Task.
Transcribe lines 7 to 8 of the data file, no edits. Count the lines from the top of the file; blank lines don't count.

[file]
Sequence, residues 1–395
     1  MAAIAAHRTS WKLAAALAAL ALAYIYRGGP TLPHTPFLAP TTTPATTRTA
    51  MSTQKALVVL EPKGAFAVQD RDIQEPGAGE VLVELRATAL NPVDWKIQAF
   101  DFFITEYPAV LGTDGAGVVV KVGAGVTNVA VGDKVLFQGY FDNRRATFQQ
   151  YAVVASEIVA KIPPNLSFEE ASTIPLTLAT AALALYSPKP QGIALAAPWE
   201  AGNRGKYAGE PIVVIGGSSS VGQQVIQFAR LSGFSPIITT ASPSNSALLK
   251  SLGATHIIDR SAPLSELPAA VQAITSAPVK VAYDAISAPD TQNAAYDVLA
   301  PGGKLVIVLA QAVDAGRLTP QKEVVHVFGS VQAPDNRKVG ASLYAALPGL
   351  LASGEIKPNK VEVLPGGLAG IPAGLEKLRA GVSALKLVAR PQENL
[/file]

   251  SLGATHIIDR SAPLSELPAA VQAITSAPVK VAYDAISAPD TQNAAYDVLA
   301  PGGKLVIVLA QAVDAGRLTP QKEVVHVFGS VQAPDNRKVG ASLYAALPGL